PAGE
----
– Christine Blower, general secretary of the National Union of Teachers (NUT)
There can be misunderstandings and malicious allegations are made, so it is critical that investigations are carried out quickly with due process.
The data on how many teachers have been accused of having a relationship with a pupil is based on responses from 137 councils who were asked how many school staff were suspended, dismissed or faced disciplinary action after being accused of some form of sexual relationship with a pupil.
– Donald Findlater, a child abuse expert with The Lucy Faithfull Foundation t
If a child develops the courage to say something, we have to take it seriously.
That does not mean we have to assume it is absolutely true, but we have to take it seriously and investigate it.
He said that he agreed that a false claim can ruin a teacher's career, but added that research conducted for the Government had shown that just 2% of allegations against teachers are malicious. The statistics apply to state schools under local council control.
Nearly 1,000 teachers have been accused of having a relationship with a pupil in the last five years, according to research. Of these, just over one in four faced police charges.
The figures, obtained by BBC Newsbeat through a Freedom of Information (FoI) request, show that between 2008 and 2013, at least 959 teachers and other school staff were accused of having an inappropriate relationship with a pupil.
At least 254 of these cases (26%) led to a police charge, the findings show, although Newsbeat said that it was not clear from the responses how many of these cases led to a prosecution, conviction, or were dismissed.
A number of teachers have reacted in fury online on the ITV News Facebook page over Labour plans to introduce so-called 'licences to teach'.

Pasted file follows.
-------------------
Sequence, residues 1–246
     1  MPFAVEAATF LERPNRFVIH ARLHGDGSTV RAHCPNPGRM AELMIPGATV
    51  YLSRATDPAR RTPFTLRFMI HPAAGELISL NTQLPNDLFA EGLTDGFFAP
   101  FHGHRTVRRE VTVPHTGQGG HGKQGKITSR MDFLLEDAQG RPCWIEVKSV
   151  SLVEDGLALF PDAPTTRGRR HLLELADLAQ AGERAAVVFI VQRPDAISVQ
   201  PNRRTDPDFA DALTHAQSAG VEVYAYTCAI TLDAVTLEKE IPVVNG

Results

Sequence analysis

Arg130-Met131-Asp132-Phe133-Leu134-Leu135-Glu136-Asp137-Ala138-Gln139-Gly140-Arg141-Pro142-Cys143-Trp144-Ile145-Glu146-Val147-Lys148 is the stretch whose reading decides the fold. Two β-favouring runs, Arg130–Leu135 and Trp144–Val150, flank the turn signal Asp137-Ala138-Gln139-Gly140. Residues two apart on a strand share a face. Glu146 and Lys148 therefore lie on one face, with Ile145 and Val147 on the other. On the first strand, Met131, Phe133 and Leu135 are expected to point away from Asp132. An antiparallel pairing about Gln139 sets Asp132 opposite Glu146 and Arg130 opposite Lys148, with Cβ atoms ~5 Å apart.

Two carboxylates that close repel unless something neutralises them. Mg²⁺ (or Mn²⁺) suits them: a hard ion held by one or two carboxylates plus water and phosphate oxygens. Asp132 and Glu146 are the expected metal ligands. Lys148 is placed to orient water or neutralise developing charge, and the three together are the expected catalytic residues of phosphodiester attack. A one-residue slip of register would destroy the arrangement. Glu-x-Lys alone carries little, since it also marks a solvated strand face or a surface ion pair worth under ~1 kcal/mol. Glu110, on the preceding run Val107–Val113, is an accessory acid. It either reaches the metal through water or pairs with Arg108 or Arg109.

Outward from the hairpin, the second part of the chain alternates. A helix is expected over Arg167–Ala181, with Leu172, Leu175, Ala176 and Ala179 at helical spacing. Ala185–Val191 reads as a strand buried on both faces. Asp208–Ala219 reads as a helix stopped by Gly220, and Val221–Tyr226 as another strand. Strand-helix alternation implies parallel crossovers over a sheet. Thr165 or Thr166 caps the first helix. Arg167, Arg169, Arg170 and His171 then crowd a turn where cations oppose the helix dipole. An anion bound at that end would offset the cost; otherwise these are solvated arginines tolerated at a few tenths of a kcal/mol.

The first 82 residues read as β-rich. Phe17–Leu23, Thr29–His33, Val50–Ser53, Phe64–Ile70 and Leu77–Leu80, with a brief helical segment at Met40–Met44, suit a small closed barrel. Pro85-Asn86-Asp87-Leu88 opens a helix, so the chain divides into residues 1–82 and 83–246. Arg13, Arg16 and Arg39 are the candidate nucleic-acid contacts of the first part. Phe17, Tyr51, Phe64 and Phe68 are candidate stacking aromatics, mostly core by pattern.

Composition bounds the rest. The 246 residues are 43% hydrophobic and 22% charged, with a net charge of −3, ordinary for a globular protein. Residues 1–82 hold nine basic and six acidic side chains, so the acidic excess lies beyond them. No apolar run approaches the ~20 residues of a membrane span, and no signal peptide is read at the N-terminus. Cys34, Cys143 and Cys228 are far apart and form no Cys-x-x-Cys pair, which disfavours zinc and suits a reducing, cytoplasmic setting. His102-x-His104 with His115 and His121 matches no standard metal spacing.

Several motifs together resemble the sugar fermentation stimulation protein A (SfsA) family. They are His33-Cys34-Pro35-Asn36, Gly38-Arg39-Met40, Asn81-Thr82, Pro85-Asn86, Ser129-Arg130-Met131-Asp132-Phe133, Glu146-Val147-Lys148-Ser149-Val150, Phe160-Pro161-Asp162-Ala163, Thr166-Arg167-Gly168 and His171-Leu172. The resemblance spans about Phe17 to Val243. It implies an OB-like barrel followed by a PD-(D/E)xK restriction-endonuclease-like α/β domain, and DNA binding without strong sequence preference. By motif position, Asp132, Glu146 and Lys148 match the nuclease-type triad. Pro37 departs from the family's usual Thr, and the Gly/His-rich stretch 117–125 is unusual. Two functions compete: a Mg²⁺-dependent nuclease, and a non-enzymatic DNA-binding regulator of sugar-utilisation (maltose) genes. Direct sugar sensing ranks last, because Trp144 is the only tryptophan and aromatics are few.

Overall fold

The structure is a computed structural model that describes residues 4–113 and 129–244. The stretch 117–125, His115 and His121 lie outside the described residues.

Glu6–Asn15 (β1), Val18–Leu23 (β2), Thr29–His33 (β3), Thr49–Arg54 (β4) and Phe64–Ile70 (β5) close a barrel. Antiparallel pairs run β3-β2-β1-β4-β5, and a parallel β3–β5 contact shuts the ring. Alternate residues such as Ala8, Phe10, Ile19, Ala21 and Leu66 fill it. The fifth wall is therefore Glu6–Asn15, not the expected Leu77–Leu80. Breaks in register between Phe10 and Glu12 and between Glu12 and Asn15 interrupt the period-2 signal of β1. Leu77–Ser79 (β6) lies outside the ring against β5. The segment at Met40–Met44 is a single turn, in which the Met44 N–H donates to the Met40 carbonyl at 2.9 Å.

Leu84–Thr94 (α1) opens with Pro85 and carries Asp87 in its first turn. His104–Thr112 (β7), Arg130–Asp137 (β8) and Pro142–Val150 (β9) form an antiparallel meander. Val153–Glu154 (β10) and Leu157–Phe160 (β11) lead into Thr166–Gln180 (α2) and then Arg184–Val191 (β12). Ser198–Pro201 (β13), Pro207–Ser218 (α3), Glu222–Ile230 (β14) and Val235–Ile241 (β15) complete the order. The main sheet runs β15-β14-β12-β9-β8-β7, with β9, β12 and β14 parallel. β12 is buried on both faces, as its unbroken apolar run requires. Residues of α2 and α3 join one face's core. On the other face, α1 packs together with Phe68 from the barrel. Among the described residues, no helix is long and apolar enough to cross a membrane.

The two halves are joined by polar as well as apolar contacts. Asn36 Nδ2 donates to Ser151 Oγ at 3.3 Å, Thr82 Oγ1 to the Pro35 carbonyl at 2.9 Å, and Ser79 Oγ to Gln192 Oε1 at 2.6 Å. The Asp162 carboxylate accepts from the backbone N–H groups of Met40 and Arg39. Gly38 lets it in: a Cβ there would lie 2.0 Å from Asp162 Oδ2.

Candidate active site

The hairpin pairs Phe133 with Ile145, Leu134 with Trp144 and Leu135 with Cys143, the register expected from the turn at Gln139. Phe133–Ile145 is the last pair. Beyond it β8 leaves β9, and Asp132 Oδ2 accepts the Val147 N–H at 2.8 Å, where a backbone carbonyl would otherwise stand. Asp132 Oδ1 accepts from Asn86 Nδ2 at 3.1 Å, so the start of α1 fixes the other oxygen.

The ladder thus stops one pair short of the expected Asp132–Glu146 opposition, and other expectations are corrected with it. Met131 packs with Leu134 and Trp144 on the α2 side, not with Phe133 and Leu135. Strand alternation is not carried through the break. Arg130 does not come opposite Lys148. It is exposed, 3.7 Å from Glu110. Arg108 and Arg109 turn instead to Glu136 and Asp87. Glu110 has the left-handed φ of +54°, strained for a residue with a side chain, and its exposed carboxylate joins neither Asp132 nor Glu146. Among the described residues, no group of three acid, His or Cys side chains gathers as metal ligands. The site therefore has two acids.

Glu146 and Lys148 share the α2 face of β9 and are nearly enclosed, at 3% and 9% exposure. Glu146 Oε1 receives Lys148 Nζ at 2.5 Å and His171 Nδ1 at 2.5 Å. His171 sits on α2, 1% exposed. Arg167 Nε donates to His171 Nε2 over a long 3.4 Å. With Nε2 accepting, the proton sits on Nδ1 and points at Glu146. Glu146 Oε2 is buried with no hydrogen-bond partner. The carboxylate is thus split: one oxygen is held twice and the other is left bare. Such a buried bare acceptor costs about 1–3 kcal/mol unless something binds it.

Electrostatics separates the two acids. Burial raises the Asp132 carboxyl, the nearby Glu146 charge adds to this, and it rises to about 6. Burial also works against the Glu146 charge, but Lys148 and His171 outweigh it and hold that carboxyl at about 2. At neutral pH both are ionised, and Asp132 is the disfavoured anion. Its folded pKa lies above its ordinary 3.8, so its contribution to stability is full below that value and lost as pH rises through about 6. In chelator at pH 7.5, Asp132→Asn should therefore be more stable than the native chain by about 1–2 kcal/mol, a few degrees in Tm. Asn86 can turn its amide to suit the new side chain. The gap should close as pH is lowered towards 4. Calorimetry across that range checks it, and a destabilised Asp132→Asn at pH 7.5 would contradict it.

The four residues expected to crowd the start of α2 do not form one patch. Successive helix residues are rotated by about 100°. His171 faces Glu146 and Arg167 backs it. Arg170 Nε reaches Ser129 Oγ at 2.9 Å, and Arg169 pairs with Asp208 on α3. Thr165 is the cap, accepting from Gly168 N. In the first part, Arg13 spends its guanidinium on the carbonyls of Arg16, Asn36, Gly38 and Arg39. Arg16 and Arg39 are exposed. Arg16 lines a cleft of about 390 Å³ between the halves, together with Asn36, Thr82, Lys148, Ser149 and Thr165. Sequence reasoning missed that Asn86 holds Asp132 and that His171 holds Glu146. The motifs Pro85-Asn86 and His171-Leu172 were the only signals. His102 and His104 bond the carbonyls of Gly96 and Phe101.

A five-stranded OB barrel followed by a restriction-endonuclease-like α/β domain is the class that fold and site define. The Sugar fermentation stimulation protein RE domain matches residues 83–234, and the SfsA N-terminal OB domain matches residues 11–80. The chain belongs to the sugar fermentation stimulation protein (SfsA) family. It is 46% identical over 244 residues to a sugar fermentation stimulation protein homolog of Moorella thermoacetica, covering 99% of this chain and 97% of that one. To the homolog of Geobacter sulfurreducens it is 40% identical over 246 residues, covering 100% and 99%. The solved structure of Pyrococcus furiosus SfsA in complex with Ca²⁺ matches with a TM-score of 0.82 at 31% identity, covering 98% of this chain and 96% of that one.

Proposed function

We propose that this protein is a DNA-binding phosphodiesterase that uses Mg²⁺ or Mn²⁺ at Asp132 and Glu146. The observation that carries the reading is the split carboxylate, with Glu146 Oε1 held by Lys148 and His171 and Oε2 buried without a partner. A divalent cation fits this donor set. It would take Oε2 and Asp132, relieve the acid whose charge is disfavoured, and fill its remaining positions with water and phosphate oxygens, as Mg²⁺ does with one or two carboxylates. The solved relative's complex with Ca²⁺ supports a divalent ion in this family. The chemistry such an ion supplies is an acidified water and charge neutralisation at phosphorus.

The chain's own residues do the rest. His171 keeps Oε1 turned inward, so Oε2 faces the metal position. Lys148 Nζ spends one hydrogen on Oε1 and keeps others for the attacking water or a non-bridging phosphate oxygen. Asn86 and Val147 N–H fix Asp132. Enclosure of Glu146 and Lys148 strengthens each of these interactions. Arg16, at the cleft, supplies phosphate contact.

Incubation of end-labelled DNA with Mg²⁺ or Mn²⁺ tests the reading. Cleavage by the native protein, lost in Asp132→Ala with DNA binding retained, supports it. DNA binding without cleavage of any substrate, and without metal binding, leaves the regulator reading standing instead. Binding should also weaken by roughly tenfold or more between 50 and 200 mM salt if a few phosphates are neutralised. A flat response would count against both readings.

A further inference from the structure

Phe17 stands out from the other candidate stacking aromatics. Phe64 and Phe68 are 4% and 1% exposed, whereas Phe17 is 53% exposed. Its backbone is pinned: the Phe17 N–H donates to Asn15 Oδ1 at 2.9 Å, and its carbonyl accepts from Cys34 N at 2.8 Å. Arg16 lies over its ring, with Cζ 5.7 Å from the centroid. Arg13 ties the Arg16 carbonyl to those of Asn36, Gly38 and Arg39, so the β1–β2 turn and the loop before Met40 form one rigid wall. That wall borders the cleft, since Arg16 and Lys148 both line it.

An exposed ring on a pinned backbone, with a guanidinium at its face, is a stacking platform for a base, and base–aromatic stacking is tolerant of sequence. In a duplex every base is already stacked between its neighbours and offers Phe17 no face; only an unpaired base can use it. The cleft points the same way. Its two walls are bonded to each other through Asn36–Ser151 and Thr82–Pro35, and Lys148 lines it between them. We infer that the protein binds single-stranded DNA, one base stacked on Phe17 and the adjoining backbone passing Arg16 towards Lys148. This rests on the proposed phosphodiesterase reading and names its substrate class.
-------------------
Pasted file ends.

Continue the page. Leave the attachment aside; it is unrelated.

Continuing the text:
Some people think that teachers only work from 9am till 3pm. The average teacher works 100-110 hours a week as I have to, and that is every week including holidays.
We have to plan, mark and assess around 500-600 pieces of work per week, that's on average. Planning and assessment takes up about 40-50 hours of my week every week.
I've worked in my job for 12 plus years and I must admit the teachers I work with are outstanding, also excellent. But - agency teachers not quite sure about - get paid far too much and have no consideration or care for the children / really not fair on the school or the children.
They are already making the teaching profession almost impossible. The amount of hours we put in trying to manage the work load and little chance of actually having some sort of life is depressing enough. Leave us to do what we love and are passionate about - help children achieve their potential.
Join the debate on the ITV News Facebook page.
Chris Keates, general secretary of the NASUWT, the largest teachers' union, has said that a licence to practice in teaching "should apply to headteachers and not just teachers", adding that it should also apply to state and independent schools.
– Chris Keates, general secretary of the NASUWT
It is deeply debilitating and demoralising for teachers that any attempt to have a public debate about developing the teaching profession and the quality of teaching inevitably is hijacked by commentators and presented as a system to 'root out incompetent teachers' and present our public education system as failing.
No group of workers, least of all teachers, deserves to be treated in this way. No wonder resignations from the profession are high and recruitment to teacher training is falling.